Canola oil has practically taken over as the food processing industry’s oil of choice. Whether it’s mayonnaise, chips, or salad dressings, canola oil is usually the first, second, or third ingredient on the list. Unfortunately, the health dangers of canola oil are far beyond what we’ve been led to believe.
So if there aren’t any actual health reasons to use it, why would it be so widely used throughout the food industry? As with most reasons certain ingredients are used over others – the price. Canola oil is extremely inexpensive to grow and harvest. It is also very easy to grow, due to its genetic modifications and the fact that insects won’t go near it.
Canola oil was first created in the early 1970s as natural oil. But in 1995, Monsanto created a genetically modified version of canola oil. By 2009, over 90 percent of the Canadian canola oil crop was genetically engineered (1).
What is Canola Oil?
Canola oil comes from a descendant of the rapeseed plant, a member of the Brassica genus, along with some of our favorite vegetables like kale, broccoli, cauliflower, and cabbage. Rapeseed oil was put on the market for human consumption in the 1950s, but not many people wanted to consume it due to its strong flavor and off-putting color.
Scientists at the time began to discover that erucic acid, one of the major fatty acid components of the oil (over 50%), was damaging to heart tissue. Meanwhile, olive oil started being marketed as the next big thing in health. So what did marketers do for rapeseed oil? Give it a makeover of course! After some selective breeding and careful marketing, rapeseed oil was now low in erucic acid, high in oleic acid (just like heart-healthy olive oil), high in omega-3 fats, and also neutral tasting. The name rapeseed was replaced with canola (the term can from Canada and ola for oil) (2).
While canola oil has been marketed as a health-food oil, low in saturated fats, and a source of omega-3 fatty acids, it is very far from that. Canola oil is not only genetically modified, but it is highly processed and refined, both of which contribute to major health problems in the body.
8 Health Dangers of Canola Oil
Canola oil isn’t the healthy oil you’ve been led to believe. There are so many dangers of canola oil, that anyone in their right mind would stay away from it. Here are just a few reasons why canola oil should never set foot in your home again.
1. Canola Oil is Hydrogenated Oil
If they’re not “cold-pressed” or “extra-virgin,” the oil is considered refined. This process includes caustic refining, bleaching, and degumming – all of which involve high temperatures or chemicals that are damaging to the human body. Last but not least comes the deodorization process. Because canola oil is high in omega-3 fatty acids, it becomes easily rancid and foul-smelling when subjected to oxygen and high temperatures. The standard deodorization process removes a large portion of the omega-3 fatty acids by turning them into trans-fatty acids (3).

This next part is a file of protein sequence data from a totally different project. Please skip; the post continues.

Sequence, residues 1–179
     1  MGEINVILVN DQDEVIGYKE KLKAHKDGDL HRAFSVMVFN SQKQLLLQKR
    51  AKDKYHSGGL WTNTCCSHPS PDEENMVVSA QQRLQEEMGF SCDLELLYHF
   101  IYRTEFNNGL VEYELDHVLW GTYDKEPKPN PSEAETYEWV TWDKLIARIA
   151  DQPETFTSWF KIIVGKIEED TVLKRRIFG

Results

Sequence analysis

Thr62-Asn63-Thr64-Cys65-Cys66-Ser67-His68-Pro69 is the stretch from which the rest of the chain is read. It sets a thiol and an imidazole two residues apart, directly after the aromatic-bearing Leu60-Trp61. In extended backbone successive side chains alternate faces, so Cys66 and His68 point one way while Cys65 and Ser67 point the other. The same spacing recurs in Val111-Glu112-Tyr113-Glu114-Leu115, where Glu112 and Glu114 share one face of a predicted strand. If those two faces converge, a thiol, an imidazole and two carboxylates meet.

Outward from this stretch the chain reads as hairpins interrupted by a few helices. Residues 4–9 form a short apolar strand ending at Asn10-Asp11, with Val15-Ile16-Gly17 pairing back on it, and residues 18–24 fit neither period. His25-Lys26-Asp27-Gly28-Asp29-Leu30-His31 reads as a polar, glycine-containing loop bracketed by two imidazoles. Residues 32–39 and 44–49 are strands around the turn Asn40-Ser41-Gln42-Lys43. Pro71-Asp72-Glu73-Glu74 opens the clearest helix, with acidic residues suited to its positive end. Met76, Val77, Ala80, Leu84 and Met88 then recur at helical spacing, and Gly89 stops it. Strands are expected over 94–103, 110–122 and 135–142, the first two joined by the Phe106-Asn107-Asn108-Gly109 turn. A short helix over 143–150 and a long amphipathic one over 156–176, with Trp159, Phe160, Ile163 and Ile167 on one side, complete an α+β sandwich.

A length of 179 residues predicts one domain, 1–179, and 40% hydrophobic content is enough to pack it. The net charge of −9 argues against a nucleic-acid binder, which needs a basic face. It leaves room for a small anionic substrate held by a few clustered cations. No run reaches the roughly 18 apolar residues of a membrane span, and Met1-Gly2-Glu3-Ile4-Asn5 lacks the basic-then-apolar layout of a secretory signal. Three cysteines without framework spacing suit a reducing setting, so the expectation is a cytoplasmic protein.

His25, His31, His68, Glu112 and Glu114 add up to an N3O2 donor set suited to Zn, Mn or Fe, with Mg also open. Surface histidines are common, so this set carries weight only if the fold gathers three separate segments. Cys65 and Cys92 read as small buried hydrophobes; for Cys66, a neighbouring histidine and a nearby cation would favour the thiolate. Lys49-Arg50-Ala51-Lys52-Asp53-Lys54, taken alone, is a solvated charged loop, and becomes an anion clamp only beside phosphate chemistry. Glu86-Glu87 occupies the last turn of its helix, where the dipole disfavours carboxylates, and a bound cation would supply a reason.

If you’re consuming any vegetable oils that are oxidized from heat and light in processing, you are also exposing your body tissues to oxidized or rancid products. This contributes to degenerative diseases and chronic inflammation.
2. Genetically Modified Product
Almost all canola oil is produced from genetically modified crops. More than 90% of all canola oil is produced from genetically engineered crops. While genetic modification was successful at lowering the erucic acid content, it also increased the amount of oleic acid.
Health concerns linked to oleic acid include:
– Retarded growth (banned in infant formulas)
– Abnormalities in blood platelets
– Damage from free radicals
– Increased risk of developing certain cancer types
Genetically engineered foods also pose some very serious health concerns like allergic reactions, immunosuppression, toxicity, and loss of nutrition through the foods we eat (4).
3. Increased Risk of Developing Cancer
Canola oil is extremely unstable under heat, light, and pressure, which causes oxidation and releases free radicals inside the body. When canola oil is heated (aka. when we cook with it), it produces high levels of butadiene, benzene, acrolein, formaldehyde, and other nasty compounds. These chemical compounds, combined with increased free radicals create the perfect environment for cancer growth.
Researchers have found that cancer cells feed on the oleic acid in canola oil. The acid causes the cancer cells to become stronger and maintain malignancy (5). Additional research has also shown that oleic acid promotes tumour progressions (6).
With the amount of free radicals released in canola oil after cooking, it’s no wonder this oil is a trigger for cancer growth. Free radicals are highly reactive chemicals that play a major role in cancerous cell mutation (7).
4. Contributes To Heart Disease
While genetic modification has lowered erucic acid levels in canola oil, it is still a major source of the acid. Erucic acid is a monounsaturated fatty acid that has been linked with heart damage, specifically Keshan disease (a thickening and scarring of connective tissue within the heart). Studies have shown that in areas where people are prone to Keshan, erucic acid levels are higher, and selenium levels are lower (8).